The screens facing you on the seat in front of you may look the same as the movies you'd been watching in the past, but a different show is playing now.
The merging airline has partnered with DirecTV, and now all movie or TV viewing will cost you. The free sit-coms and mini-documentaries that were showing on those same screens in the past have been replaced with pay-TV in your airline seat.
What to watch out for
When you're stepping onto the plane, fliers may be fooled by signs that offer up 'FREE HEADPHONES.' The sign urges you to grab a pair as you're walking by to head for your seat.
The headphones are wrapped in little baggies, and it seems like you're in for a treat at first.
In the past, Continental would show new movies or sitcoms during flights and the only way it would make any money is if you bought headphones from them.
Before the change, Continental was charging $5 for headphones and once you paid it, you could listen in to the full feature movie or any of the other channels that can be switched from your armrest control.
That means if you brought your own headphones from past flights, you were all set. Just whip out the earpieces and you could enjoy the shows.
How the new system works
With the new pay-TV program, you'll get to your seat and find out your "FREE HEADPHONES" are worthless.
They'll only work if you cough up money by swiping a credit card in a panel to the right of the screen in front of you.
For flights over 2-and-a-half-hours, your fee is $7.99 and for flights that are shorter than that, the fee is $5.99.
When you sit down, you'll see teaser promotional trailers of hit movies.
Words on the screen prompt you to swipe your card and pay the fee to enjoy the movie you're now being teased about.
Then, a few minutes after takeoff, a countdown begins and you're reminded by a message on the screen that your 'free trial' is about to expire.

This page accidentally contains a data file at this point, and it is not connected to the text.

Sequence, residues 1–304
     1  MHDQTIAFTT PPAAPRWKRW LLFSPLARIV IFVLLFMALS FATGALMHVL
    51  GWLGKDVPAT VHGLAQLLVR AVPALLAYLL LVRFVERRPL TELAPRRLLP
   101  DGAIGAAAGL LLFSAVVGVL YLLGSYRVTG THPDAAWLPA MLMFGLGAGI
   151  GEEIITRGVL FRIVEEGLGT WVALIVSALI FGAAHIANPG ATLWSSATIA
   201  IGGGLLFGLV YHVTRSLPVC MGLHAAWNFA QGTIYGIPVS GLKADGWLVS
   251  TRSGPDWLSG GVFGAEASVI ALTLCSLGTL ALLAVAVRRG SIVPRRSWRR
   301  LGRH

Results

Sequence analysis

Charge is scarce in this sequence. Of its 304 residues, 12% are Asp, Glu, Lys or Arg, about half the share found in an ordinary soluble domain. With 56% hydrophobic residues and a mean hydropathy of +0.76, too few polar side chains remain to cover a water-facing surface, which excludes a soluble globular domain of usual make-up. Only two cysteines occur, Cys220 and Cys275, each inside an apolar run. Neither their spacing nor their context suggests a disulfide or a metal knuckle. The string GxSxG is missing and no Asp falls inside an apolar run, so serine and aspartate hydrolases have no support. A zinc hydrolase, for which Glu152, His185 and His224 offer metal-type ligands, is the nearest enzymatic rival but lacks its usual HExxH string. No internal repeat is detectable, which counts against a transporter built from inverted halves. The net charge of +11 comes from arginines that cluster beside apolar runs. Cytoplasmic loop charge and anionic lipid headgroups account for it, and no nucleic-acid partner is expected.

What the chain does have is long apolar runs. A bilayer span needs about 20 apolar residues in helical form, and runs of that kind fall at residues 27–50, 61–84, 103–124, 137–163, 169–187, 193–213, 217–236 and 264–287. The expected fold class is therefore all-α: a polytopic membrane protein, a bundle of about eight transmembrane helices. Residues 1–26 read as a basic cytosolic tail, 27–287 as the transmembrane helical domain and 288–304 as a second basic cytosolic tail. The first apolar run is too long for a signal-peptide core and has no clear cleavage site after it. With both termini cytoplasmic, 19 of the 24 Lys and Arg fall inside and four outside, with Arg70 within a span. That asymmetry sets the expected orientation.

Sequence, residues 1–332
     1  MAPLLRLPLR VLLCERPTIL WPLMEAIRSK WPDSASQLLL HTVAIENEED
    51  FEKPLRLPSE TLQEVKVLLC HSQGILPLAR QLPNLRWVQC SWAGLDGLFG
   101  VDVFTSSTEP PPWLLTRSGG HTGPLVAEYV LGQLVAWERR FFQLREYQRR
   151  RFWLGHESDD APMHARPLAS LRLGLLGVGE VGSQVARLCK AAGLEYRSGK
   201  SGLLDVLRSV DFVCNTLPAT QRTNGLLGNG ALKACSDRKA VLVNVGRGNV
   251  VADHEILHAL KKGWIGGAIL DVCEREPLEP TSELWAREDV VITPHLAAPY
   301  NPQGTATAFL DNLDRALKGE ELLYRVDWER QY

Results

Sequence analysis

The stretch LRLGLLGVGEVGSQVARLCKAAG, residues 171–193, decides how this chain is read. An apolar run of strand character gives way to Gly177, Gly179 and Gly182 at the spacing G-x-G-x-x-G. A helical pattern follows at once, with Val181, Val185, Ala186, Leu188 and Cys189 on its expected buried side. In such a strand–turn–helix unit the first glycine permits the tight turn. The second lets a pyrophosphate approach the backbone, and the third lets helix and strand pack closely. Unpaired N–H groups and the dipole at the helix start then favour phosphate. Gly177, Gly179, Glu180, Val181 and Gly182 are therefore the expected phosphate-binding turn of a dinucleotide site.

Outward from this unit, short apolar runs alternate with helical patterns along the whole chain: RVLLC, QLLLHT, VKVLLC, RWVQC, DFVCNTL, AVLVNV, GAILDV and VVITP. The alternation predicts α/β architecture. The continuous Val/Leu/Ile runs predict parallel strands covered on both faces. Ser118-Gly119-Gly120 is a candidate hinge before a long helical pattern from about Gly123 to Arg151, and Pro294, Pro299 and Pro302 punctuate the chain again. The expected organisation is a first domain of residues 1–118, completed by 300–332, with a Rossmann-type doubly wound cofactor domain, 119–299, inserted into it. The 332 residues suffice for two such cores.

During that trial period, you can begin to watch some of the sitcoms offered on some of the channels, but the full feature movie won't begin until the countdown finishes.
If you pay the fee, you'll get a rundown of channels like you would see on your cable or dish TV at home. You can scroll down through the offerings and select what you want.
If you don't pay the subscription price, your screen will go blank when the 'free trial' runs out.
Working out the bugs
Flier beware: On one flight last week from Houston to Cleveland, passengers were seen swiping their cards and now they've got a hassle to deal with.
One man even passed his family's credit card around to at least 3 different relatives so they could all swipe the card and enjoy sports or movies in their seats in different rows.
Then, less than 3-minutes into the flight, all the screens on the seatbacks in the entire Boeing 737 aircraft went dark.
A few minutes later, the flight attendant announced there was an "uplink problem" so everyone would have to contact their credit card company or the airline's customer service department to have the charge on their credit card reversed.
For some who were trying out the new experience, their first attempt at watching pay-TV inflight may be their last. Some sat there shaking their heads and suddenly looking for magazines to keep their time occupied.
Another thing to keep in mind is that you have to go looking for your choices if you're even thinking about paying for inflight TV viewing.
During that "Free Trial," you have to scroll down through the listings to see what movies, what sports, or what sit-coms are available if you decide to pay.
You may find additional choices if you look in the little airline magazine that should be tucked in the pocket in front of you along with the barf bag.